Metro Weekly

Barney Frank: ENDA victory not tied to executive order

Former Rep. Barney Frank isn’t buying arguments that the signing of an executive order that would prohibit federal contractors from discrimination on the basis of sexual orientation or gender identity would build momentum for the Employment Non-Discrimination Act.

Barney Frank MW.jpgIn an interview with Metro Weekly shortly after the 113th Congress was sworn in Jan. 3, the Massachusetts Democrat and former champion of ENDA in the House said President Barack Obama’s delay in signing the executive order, which Obama indicated he would support as a presidential candidate in 2008, should not be interpreted as anti-LGBT.

“That’s a pretty far-reaching policy decision to be made by the executive alone and the Republicans have made a lot of arguments and have scored some points by arguing he has done too much executive power without congressional approval. So I think it is unfair to impugn their reluctance to sign that,” said Frank. “It’s a reluctance to do too many things by executive order and feed into their argument that there’s an executive overreach.”

Advocates have pushed the White House to sign such an executive order, which would apply to contractors who do more than $10,000 of work with the federal government and affect 26 million workers. Many believe Obama could help refocus attention on ENDA and cast a spotlight on legislation that has widespread public support but has faced Republican opposition for decades. According to White House press secretary Jay Carney, the White House remains focused on securing passage of comprehensive federal legislation in the form of ENDA rather than an executive order that would only apply to federal contractors.

“[The executive order] would be hugely helpful to ENDA efforts on the Hill, which the White House has made clear it supports,” Jeff Krehely, vice president of LGBT research at the Center for American Progress, told Metro Weekly last month. “Although we know the rates of anti-LGBT discrimination are high, we also know that many Americans already think federal laws exist to prevent and crack down on this type of discrimination.”

Frank, however, disagrees: “That argument is dumb. D-U-M-B. Dumb.”

“The problem is partisan,” Frank said, adding that while polling indicates many Americans believe workplace protections already exist for LGBT people, “political action does not necessarily mean other people see things more.”

“I guarantee you the Republican members of Congress who vote against it know that,” Frank said. “It’s not that people don’t know there’s discrimination, it’s that the Republicans think it’s a good thing.”

Frank’s comments come after he and 71 other lawmakers signed a letter in April urging Obama to sign the executive order, linking its implementation to congressional action on ENDA.

“This order would extend important workplace protections to millions of Americans, while at the same time laying the groundwork for Congressional passage of the Employment Non-Discrimination Act (ENDA), a goal that we share with you,” the letter read in part, noting that polls show “support for such protections transcends partisan, age and religious lines.”

Nevertheless, Frank argues approval of ENDA will only come when Democrats control all three branches of the federal government.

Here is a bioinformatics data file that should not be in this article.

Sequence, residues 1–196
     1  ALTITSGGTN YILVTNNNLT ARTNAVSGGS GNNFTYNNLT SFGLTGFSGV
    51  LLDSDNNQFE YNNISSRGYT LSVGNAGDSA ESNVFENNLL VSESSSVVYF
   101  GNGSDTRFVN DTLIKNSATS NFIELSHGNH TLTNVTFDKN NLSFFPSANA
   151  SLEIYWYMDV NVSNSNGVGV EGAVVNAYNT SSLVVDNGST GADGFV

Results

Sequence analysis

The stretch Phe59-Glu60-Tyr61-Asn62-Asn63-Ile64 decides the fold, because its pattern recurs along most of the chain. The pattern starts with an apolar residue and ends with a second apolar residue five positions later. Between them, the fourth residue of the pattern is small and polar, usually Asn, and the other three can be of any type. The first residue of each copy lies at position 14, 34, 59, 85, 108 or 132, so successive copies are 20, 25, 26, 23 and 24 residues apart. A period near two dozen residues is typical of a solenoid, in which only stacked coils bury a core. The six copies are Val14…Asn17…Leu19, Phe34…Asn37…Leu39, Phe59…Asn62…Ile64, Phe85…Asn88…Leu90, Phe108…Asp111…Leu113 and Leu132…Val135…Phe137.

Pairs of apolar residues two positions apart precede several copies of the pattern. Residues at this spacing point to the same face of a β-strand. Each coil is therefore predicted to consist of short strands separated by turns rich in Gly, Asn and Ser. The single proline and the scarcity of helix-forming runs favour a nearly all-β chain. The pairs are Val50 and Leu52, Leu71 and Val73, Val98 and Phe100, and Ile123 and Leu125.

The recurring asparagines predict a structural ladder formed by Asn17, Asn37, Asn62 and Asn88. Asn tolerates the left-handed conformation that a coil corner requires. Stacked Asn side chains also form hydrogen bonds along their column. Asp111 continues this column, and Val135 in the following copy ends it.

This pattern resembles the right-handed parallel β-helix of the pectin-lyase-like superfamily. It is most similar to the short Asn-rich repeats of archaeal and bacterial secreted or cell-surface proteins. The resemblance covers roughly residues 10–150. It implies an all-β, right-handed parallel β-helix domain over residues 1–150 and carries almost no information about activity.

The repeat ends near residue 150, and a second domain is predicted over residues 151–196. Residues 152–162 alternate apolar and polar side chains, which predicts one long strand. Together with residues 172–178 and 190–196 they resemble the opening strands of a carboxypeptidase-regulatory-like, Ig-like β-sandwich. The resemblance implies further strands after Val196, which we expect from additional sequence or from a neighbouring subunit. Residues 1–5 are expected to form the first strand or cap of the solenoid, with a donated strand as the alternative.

“The problem is the Republicans control the House,” said Frank, “and as long as the Republicans control the House nothing will pass.”

Several groups have publicly urged action on the executive order since Obama’s re-election, including the Human Rights Campaign, Freedom to Work, the National Gay and Lesbian Task Force and the National Center for Transgender Equality. Protections already exist prohibiting federal contractors from discrimination on the basis of race, color, religion, sex and national origin. 

Noting the long history of executive action to protect employees of federal contractors from discrimination, Freedom to Work President Tico Almeida believes the historical record will counter any arguments of executive overreach.

“If any opponents make the overreach argument after President Obama signs this LGBT executive order, we will be able to point to seventy years of American history with both Republican Presidents like Dwight Eisenhower and Democratic presidents like Lyndon Johnson signing executive orders banning workplace discrimination against African-Americans and women who work for federal contractors,” Almeida said via email.

HRC declined to address Frank’s arguments, simply reiterating the organization’s continued commitment to seeing such an executive order signed by the president.

“As far back as FDR, presidents have prohibited federal contractors from engaging in racial discrimination, and we think President Obama should build on these past measures to stop the discriminatory practices against LGBT employees,” said HRC spokesman Kevin Nix in a statement. “Such a move would be a concrete step toward full equality.”

Although no longer a member of Congress for the first time in three decades, Frank remains a potent voice in the LGBT rights movement and may not be done in Washington just yet. With Sen. John Kerry (D-Mass.) expected to be confirmed as secretary of state, Frank is openly jockeying for the temporary appointment to Kerry’s Senate seat. 

[Photo: Barney Frank (Credit: Todd Franson/Metro Weekly).]

Read Metro Weekly’s full interview with former Rep. Barney Frank on newsstands and online Jan. 17.

Justin Snow is Metro Weekly's former political editor and White House correspondent. Follow him on Twitter @JustinCSnow.